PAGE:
Martin: It’s not just for Kingman, but coming out of 2008, 2009, 2010 and the issues of the economy, we see signs of improvement, but everybody is being very cautious about what steps to take, what risks to take, what projects to undertake.

KDM: So how do you see potential for growth?

Martin: I asked people about what drives the community and where we’re going, and I got so much positive response and optimism. I walked into businesses and visited with people around town in a position of knowing.

Nobody says this is a perfect world, this is a piece of cake. But when you have the right infrastructure and attitudes in the community and a willingness to pull together, then good things can happen.

You look at I-40 and (future) Interstate 11, you look at rail, the industrial park, you do look at the airport, you look at big players in town and manufacturing and tourism and KRMC. My observation is the parts and pieces and desire and willingness exist all over this community.

KDM: What’s holding us back?

Martin: I think you have to be very deliberate and very thoughtful about how growth happens. When you come off the issues of 2009 and 2010, it does give you concern. You don’t forget those lessons that quickly. People say that was 10 years ago, but the way investment moves, it doesn’t move fast.

KDM: The mission of the Chamber of Commerce is to promote business through education, partnerships and networking. What are your goals as CEO to foster that mission?

Martin: Networking is a huge part currently and will be an ever-increasing part of what the Chamber is going to do because we learn from each other by sharing information because we’re all in this together. I’m not in this by myself. A big part of the Chamber’s role is to get people together as often as possible and as many ways as possible.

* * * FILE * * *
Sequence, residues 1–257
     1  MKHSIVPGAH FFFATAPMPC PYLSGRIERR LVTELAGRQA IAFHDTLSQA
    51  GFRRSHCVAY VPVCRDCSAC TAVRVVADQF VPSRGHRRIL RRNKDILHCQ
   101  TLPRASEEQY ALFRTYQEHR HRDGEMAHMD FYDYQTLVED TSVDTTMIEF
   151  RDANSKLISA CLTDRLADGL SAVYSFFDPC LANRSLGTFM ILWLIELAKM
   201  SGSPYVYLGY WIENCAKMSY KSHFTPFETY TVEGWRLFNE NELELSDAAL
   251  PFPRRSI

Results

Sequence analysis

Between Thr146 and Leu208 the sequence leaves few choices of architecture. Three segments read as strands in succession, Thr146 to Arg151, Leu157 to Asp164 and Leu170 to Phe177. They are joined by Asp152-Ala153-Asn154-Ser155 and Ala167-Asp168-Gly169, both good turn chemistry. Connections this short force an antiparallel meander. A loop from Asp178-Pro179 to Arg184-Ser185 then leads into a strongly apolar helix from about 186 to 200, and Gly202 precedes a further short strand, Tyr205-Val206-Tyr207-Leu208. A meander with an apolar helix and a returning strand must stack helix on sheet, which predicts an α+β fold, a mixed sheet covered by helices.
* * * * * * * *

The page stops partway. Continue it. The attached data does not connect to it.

Partnering … we’ve got so many entities in this community that care about economic development. The county and city are huge stakeholders. The hospital is a huge economic driver. Kingman Unified School District and Mohave Community College, same thing. They all desire to see growth. Then you talk about the industrial business. Collectively, they have a lot of power to drive economic development.

The other thing is to be better engaged in education. What programs can we be a part of or bring to the community to help small businesses or new businesses? Or specifically this kind of business or that kind of business. Also, be engaged in discussion about legislation and regulation specifically that have an impact on business, like Prop 206 (initiative to raise minimum wage).

KDM: What can you do to improve local business?

Martin: I have to listen to what our membership is saying and I have to listen to what the membership wants, what they feel will lead to more prosperity. My job will be to help find a way our Chamber can address what they’re concerned about and what they’re saying. We have to develop our engagement programs toward what the membership says will drive their prosperity, because they’re where the rubber hits the road, they know what works and what’s not working.